• define the term ecosystem

Ecosystem – all living organisms and non-living components in a specific habitat, and the interrelationships between them.

Habitat – the place where an organism lives.

Population – all of the organisms of one species , who live in the same place at the same time, and can breed together.

Community – all the organisms of different species, who live in the same place at the same time, and can interact with each other.

Niche – the role that each species plays in an ecosystem.

Autotroph – an organism that uses light energy to synthesise its own complex organic molecules.

Heterotroph – an organism that consumes complex organic molecules to gain nutrients, obtaining energy.

  • state that ecosystems are dynamic systems

Ecosystems are dynamic systems because the population rises and falls due to the interactions of living organisms between each other and with the physical environment. Any small changes in one thing can affect the others. For example, if a predator’s population size goes up, the population size of the prey will go down.

  • define the term biotic factor and abiotic factor, using named examples

Biotic factors – the effects of living organisms, e.g. food supply, predation, disease, competition.

Abiotic factors– the effects of non-living components, e.g. temperature, pH of soil, soil type, light intensity, oxygen concentrations, carbon dioxide concentrations.

  • define the term producer, consumer, decomposer and trophic levels

  • describe how energy is transferred through ecosystems

Food chains show how energy is transferred from one organism to another. Different food chains join together to make a food web, which helps us understand how energy flows through the whole ecosystem. The arrows in a food chain show the direction of energy transfer.

  • discuss the efficiency of energy transfers between trophic levels

Energy is lost at each trophic level and is unavailable to the next trophic level. Energy is used for respiration which is lost through heatenergy. The energy is stored in dead organisms and waste material which can only be accessed by decomposers. Because of this, there is less living tissue (biomass) at higher levels of a food chain. There are always less consumers as the pyramid gets higher due to energy loss at each trophic level.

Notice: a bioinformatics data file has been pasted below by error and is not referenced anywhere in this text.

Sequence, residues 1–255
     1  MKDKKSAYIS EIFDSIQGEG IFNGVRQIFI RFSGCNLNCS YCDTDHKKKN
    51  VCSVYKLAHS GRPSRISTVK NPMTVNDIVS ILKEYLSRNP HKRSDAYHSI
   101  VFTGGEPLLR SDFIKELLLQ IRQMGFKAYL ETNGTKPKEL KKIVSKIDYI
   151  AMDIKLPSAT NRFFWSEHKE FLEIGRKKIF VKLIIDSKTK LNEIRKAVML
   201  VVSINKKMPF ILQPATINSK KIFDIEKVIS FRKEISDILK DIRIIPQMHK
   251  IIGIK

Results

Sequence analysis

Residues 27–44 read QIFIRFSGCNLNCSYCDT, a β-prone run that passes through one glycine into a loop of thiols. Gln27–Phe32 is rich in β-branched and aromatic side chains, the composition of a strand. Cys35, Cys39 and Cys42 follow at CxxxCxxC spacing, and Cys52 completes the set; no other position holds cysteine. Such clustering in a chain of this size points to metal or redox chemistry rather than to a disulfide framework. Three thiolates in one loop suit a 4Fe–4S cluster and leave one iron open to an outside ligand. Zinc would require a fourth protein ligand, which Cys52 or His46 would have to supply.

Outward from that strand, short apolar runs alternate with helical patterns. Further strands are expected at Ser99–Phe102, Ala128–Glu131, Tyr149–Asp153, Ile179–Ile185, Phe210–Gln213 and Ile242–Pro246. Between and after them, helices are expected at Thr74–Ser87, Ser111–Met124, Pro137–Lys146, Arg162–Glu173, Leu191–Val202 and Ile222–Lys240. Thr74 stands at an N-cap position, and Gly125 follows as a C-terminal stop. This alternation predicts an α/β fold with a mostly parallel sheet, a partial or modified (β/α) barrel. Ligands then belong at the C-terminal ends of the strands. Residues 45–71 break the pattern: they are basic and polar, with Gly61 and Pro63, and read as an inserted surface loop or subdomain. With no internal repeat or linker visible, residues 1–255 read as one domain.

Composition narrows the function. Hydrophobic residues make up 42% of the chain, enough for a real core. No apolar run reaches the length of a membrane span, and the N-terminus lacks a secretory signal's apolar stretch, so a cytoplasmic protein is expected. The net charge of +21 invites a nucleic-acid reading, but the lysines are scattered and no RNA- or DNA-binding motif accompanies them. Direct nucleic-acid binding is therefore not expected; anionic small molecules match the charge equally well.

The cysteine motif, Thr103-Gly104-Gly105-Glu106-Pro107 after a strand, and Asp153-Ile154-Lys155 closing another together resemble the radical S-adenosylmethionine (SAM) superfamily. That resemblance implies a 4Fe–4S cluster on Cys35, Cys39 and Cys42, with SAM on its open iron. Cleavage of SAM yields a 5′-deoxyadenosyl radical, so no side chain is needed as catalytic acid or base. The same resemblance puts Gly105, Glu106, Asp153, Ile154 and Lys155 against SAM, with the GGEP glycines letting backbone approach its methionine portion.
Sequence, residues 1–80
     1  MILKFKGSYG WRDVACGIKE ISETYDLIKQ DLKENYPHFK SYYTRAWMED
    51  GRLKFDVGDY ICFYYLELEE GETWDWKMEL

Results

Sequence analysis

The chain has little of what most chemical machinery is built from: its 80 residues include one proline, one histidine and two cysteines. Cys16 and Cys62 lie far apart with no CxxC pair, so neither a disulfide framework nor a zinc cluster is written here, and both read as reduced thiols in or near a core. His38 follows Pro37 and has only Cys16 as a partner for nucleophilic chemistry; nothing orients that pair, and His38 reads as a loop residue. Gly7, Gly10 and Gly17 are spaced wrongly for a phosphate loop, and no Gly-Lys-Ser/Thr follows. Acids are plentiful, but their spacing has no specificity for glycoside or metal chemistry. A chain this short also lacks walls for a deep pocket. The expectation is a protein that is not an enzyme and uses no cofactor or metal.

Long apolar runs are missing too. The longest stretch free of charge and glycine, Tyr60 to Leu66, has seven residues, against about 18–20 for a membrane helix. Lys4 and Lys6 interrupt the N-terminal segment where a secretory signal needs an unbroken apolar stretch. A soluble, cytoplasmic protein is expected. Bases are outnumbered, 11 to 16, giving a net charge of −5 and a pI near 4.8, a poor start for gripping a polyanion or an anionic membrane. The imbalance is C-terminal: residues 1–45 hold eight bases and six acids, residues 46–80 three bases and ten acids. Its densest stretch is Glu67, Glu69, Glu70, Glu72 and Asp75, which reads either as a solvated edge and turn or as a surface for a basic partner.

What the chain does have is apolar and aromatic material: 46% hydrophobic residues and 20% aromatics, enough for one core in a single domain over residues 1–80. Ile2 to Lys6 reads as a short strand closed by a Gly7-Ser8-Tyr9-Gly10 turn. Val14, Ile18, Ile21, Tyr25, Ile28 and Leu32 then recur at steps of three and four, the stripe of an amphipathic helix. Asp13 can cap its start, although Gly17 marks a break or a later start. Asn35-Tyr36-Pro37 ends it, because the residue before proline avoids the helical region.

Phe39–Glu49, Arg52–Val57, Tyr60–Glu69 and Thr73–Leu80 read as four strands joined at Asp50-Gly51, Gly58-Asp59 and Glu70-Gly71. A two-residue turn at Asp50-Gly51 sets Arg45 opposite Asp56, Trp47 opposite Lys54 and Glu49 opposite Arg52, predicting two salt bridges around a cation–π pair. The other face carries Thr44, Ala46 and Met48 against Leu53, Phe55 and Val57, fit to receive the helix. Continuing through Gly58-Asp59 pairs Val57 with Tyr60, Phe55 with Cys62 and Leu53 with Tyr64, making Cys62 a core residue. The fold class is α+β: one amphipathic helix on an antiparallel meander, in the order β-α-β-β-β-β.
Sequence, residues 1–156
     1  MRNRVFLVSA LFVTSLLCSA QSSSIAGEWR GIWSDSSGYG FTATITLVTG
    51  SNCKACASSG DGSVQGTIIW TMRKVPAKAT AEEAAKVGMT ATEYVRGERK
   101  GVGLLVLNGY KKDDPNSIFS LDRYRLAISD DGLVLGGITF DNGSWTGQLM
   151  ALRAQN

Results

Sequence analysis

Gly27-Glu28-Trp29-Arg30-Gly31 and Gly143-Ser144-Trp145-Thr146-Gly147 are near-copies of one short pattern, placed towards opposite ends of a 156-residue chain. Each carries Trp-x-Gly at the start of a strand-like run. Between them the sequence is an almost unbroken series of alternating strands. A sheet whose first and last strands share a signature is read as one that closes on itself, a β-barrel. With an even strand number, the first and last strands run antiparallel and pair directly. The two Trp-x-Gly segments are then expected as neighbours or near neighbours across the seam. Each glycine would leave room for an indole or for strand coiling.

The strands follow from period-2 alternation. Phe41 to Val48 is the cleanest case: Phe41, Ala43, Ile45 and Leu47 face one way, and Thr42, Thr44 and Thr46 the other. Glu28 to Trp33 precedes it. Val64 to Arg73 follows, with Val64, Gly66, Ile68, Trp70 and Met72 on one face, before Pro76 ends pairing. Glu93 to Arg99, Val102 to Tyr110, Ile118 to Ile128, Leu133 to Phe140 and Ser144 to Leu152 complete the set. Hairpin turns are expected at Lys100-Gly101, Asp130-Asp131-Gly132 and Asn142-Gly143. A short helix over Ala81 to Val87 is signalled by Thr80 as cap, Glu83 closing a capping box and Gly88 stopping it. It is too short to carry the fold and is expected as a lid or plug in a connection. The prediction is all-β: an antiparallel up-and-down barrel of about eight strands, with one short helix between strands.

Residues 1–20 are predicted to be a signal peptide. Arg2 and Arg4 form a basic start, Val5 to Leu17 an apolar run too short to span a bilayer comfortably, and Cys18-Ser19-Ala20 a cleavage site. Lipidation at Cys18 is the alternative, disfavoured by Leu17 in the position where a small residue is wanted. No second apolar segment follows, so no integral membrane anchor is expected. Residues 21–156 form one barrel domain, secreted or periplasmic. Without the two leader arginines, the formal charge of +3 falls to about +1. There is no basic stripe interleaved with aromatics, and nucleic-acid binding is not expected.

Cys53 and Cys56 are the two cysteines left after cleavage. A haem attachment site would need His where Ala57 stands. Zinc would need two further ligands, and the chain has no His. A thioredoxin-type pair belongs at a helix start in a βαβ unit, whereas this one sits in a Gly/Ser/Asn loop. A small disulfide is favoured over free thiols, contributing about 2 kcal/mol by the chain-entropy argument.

• outline how energy transfers between trophic levels can be measured


  • explain how human activities can manipulate the flow of energy through ecosystems

  • describe one example of primary succession resulting in a climax community

Succession – a change in a habitat causing a change in the make-up of a community.

Succession on Sand Dunes:

  1. Pioneer plants like sea rocket(Cakilemaritima)and prickly sandwort (Salsola kali) colonise the sand just above the high water mark – tolerate salt water, lack of freshwater and unstable sand.
  2. Wind-blown sand builds up around the base of these plants, forming a ‘mini’ sand dune. As plants die and decay, nutrients accumulate in this mini sand dune. As the dune gets bigger, plants like sea sandwort(Honkenyapeploides) and sea couch grass(Agropyronjunceiforme) colonise it, which have long roots to stabilise it in the sand.
  3. With more stability and accumulation of more nutrients, plants like sea spurge(Euphorbaparalias) and marram grass(Ammophilaarenaria)start to grow. Marram grass traps sand, as the sand accumulates, the shoots grow taller to stay above the growing dune trapping more sand.
  4. As the sand dune and nutrients build up, other plants colonise the sand, such as hare’s foot clover(Trifoliumarvense)and bird’s foottrefoil(Lotuscorniculatus). These have bacteria in their root nodules to convert nitrogen into nitrates. With nitrates available, more species like sand fescue(Festucarubra) and viper’sbugloss(Echiumvulgare) colonise the dunes, stabilising the dunes further.

  • describe how the distribution and abundance of organisms can be measured, using line transects, belt transects, quadrats and point quadrats

A transect is a line taken across a habitat. You stretch a tape measure across the habitat and take samples along the line.  You can use a:

  • Line Transect – recording each organism which is touching the line at suitable, regular intervals.
  • Belt Transect – placing a quadrat against the line, recording its contents, then placing the next quadrat immediately touching the first one, repeating this along the transect.
  • Interrupted Belt Transect – placing quadrats at regular intervals along the transect.


Abundant 80-100%
Common 60-80%